What is Cervical Cancer?
According to the Department of Health (DOH), Cervical Cancer is the 2nd leading cancer among women in the Philippines. DOH expects around 7,277 new cases and 3,807 deaths due to cervical cancer to occur annually.
All women are at risk for cervical cancer. Cervical cancer affects the entrance to the womb. In the early stages of cervical cancer, little to no symptoms may occur. But as the cancer progress, some of the most common signs of cervical cancer include:
- Abnormal vaginal bleeding
- Increased vaginal discharge
- Bleeding after going through menopause
- Pain during sex
- Pelvic pain
Cervical Cancer can be prevented.
Vaccination against high-risk human papillomavirus (HPV), which causes most cases of cervical cancer, is a safe and effective way to fight Cervical Cancer. CDC recommends HPV vaccination starting at 11 or 12 years of age.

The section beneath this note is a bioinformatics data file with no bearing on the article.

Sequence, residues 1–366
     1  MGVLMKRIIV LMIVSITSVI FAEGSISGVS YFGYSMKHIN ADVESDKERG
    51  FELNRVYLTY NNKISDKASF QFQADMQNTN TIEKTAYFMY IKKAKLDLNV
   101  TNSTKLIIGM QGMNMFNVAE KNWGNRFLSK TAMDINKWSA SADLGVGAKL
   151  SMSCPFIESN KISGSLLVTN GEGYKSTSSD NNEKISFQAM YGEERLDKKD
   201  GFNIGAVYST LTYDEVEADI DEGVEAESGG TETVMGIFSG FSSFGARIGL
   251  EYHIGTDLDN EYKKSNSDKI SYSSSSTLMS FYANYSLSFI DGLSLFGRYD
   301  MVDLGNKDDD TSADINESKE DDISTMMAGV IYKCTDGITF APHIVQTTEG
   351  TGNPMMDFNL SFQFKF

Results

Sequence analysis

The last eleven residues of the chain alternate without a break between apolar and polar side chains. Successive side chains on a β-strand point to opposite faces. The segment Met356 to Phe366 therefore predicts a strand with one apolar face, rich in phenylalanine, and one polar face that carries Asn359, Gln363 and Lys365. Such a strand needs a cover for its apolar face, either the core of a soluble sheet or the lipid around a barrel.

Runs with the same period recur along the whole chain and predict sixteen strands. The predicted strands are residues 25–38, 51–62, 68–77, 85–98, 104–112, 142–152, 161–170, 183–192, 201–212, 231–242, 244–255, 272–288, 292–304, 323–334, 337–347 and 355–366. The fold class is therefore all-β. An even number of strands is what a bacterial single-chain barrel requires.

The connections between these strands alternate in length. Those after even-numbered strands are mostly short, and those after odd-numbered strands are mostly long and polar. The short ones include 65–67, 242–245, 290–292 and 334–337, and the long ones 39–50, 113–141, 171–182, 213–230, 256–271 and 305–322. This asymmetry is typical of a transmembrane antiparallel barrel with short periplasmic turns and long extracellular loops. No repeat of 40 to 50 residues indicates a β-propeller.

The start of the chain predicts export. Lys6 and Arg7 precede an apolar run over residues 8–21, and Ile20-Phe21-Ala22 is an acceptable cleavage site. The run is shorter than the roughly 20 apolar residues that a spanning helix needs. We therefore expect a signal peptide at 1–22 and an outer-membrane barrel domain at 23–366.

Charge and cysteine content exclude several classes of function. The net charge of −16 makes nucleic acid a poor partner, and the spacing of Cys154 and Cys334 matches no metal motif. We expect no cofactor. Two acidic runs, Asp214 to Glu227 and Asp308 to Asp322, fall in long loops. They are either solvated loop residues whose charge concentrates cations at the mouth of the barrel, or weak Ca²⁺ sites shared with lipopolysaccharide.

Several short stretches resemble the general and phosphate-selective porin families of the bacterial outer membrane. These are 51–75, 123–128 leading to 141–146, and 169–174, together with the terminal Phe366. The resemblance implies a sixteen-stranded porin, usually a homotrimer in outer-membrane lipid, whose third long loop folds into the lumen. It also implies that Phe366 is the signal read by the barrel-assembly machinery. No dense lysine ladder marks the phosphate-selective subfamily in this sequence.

Cervical Cancer can be cured.
Depending on how advanced your cancer is, you may need more than one type of treatment. The American Cancer Society recommends either surgery or radiation combined with chemotherapy may be used for the earliest stages of cervical cancer. For later stages, radiation combined with chemotherapy is usually the main treatment.
Regular screening is important.
To prevent cervical cancer regular screening is important. The cervical cancer screening tests can help find pre-cancer conditions before they can turn into invasive cancer. Women are recommended to undergo regular cervical cancer screening starting at 21 years of age.
The Pap test (or Pap smear) is suggested for women 21-29 years of age every three (3) years. For abnormal Pap test results, HPV testing for this age group is highly advised. At age 30, women should begin a combination of Pap test and HPV test every five (5 years) for normal results until age 65.
Visit your OBGYN doctors today and ask about the right cervical cancer screening tests for you!